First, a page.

There’s a lot of talk today about the need to create strong online experiences for websites. Yes, a clever, positive website experience can sometimes help a business with branding. Yet, if you sacrifice the performance of your WordPress site to provide that experience, it may hurt more than it helps.
If that same online experience slows down your website’s loading speed, it doesn’t matter how much time or money you have invested in it. The average internet user expects any site they visit to load in three seconds or less. When they don’t, there’s a good chance they’ll click away to the competition’s website.
The importance of website performance optimization is vital. A website that loads fast and offers optimal performance is crucial for the online success of any business.
If you have a WordPress site, or you’re designing a site using it, optimizing your website couldn’t be simpler. WordPress performance optimization can help you deliver the best online experience possible. The following is a list of tips that help you take the performance of your WordPress website to the next level.
1. Test the Speed of Your WordPress Site
Testing your WordPress site’s speed is a great place to start. Tests like the Speed Test can tell you how fast your pages load. It also gives you insights into what might be slowing your site down.
Another tool you’ll want to use is Google’s PageSpeed Insights. Google is the top search engine worldwide. Google spent a fortune to create a search engine that supplies the best results to visitors fast. If Google is what most users will be searching on, you’ll want to ensure your website performs well there. The tool offers you suggestions on how to speed up your page load times.
2. Enable GZIP Compression
When a visitor visits your website, your server gets an http request to serve up the requested files. Larger files like uncompressed images can slow down your page loading speed.
The larger the file, the longer it’s going to take for the full page to load. Gzip compression reduces the sizes of pages, style sheets, and files before they’re sent to the visitor to speed up the process.
You can set up Gzip compression in a couple of ways. There are plugins like WP Rocket and WP Fastest Cache available. You can also enable Gzip compression using your .htaccess server file. Unless you’re experienced with .htaccess, it’s recommended that you have a web developer or your hosting provider help you set it up.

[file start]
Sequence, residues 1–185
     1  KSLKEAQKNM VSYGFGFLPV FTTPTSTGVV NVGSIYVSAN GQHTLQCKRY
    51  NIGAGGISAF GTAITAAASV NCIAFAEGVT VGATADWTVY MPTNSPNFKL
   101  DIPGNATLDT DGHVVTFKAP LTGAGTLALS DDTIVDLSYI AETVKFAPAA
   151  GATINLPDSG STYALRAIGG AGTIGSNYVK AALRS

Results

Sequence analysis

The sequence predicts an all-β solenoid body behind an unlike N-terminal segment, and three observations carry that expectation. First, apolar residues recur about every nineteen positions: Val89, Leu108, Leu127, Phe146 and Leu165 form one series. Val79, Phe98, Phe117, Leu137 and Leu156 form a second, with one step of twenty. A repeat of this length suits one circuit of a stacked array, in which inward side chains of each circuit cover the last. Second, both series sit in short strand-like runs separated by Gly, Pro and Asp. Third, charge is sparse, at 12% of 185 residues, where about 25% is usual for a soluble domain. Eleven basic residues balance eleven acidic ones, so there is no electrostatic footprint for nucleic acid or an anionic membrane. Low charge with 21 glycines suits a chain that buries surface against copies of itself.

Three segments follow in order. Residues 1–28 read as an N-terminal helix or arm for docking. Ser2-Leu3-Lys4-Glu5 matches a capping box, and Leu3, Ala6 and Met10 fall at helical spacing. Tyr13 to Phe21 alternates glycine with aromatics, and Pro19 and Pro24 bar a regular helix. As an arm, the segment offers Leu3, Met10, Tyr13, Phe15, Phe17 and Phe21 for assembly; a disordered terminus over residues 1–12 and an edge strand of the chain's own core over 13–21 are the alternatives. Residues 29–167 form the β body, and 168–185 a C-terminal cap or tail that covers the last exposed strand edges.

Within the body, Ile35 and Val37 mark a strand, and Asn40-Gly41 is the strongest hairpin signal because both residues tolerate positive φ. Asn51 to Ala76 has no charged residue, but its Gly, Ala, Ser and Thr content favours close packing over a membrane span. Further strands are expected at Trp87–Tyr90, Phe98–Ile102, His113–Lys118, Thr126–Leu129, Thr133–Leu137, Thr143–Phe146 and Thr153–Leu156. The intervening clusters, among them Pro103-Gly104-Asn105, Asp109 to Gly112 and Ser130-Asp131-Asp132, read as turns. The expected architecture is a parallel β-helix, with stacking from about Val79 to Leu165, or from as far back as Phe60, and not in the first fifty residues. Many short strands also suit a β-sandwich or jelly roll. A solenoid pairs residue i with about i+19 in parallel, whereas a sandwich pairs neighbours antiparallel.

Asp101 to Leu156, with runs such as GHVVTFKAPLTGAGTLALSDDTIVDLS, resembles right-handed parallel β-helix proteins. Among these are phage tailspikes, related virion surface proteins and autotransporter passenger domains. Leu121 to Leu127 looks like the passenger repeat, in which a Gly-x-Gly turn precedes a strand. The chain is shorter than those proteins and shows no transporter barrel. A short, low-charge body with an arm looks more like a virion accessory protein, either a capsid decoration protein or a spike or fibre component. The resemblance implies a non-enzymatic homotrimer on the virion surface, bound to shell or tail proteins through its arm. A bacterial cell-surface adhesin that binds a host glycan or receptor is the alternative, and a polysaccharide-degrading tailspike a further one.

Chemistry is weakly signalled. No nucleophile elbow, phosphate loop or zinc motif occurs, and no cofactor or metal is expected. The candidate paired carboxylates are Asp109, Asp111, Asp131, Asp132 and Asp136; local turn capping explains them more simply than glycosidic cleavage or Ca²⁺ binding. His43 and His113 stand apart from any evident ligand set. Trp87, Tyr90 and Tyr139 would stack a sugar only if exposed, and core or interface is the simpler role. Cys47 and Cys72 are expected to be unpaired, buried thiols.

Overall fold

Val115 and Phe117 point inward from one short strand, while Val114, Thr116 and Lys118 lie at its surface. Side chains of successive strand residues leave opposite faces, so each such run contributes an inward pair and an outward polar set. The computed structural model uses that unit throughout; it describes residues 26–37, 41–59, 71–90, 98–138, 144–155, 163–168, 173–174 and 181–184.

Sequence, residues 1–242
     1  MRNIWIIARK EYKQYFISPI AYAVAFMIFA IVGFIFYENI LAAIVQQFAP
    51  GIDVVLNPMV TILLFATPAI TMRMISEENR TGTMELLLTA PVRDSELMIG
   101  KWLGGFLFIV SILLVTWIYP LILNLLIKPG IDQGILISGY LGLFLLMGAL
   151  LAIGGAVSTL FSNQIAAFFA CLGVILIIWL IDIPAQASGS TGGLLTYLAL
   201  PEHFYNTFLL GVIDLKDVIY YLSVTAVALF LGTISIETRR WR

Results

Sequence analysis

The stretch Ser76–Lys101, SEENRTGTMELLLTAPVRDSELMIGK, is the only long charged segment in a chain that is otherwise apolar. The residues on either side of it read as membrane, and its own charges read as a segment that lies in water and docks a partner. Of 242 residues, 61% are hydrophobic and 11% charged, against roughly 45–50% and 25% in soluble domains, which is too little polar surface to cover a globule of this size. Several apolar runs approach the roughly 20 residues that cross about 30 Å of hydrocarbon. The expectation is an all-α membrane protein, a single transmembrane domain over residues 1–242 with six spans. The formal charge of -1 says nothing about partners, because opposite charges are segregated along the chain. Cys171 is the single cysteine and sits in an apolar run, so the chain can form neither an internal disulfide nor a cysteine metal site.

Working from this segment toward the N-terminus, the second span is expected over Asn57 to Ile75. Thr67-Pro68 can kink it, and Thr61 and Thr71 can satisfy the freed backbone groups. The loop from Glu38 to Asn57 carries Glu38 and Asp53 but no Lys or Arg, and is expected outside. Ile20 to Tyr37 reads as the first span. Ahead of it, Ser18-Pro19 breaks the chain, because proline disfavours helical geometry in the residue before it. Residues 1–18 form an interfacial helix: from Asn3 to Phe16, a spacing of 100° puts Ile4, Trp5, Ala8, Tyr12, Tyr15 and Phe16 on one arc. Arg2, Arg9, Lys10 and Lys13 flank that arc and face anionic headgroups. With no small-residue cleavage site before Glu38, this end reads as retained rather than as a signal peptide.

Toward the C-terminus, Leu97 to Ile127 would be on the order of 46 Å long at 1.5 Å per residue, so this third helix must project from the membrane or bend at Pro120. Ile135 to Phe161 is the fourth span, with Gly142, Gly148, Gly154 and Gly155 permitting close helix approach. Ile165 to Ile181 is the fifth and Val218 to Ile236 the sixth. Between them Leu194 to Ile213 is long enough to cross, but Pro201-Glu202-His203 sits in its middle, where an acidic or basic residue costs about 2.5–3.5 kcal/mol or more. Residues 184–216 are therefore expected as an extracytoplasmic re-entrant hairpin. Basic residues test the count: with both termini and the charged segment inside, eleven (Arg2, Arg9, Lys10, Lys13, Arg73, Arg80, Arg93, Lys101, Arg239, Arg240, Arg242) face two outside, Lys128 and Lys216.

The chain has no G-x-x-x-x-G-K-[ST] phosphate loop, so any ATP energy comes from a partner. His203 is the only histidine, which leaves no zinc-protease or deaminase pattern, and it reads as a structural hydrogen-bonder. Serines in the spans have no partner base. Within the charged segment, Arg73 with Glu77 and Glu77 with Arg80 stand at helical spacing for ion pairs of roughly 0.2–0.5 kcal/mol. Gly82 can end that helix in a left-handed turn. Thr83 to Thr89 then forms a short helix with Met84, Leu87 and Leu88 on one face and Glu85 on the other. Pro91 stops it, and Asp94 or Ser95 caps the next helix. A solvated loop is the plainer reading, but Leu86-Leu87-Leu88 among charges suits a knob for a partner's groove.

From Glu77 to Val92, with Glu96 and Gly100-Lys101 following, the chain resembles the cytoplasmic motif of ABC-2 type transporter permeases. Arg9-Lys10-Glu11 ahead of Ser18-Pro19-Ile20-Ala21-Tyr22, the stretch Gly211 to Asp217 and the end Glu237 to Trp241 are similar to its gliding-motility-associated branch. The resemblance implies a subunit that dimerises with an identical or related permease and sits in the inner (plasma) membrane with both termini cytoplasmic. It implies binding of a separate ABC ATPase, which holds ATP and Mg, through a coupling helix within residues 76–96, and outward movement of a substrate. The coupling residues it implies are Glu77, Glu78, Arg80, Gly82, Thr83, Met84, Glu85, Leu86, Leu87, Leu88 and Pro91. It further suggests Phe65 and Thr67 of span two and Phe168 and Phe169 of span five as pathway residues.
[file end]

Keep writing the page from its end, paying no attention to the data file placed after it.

3. Avoid Cheap Shared Hosting
The shared hosting plans most hosting companies offer seem ideal until you understand what you’re getting. Shared hosting is paying to host your site on a server and sharing its resources with all the other websites on that server. If one of your neighbors has a site that consumes a lot of resources, your own site may experience downtime, slow loading speeds, and more.
While it costs more, there are other hosting types that are better options when it comes to WordPress performance. Virtual private server (VPS) hosting or dedicated server hosting gives you dedicated server space, or your own server, without having to share resources. They also offer environments that are customizable and scalable which are important to have as your business grows.
4. Remove the Clutter From Your WordPress Site
One easy way to optimize your website is to get rid of everything not in use. By removing unnecessary media, plugins, and themes, you cut down a lot of what your WordPress site has to load.
Audit your plugins and themes and deactivate and delete any that aren’t needed. Along with slowing your site down, plugins and themes that aren’t in use on your website present security vulnerabilities.
To clear out any unneeded media files, you can use a plugin like Media Cleaner. You can also remove media files by hand. Go to Media -> Library on your WordPress dashboard and select the unattached option. It will allow you to view any media files not in use and delete them.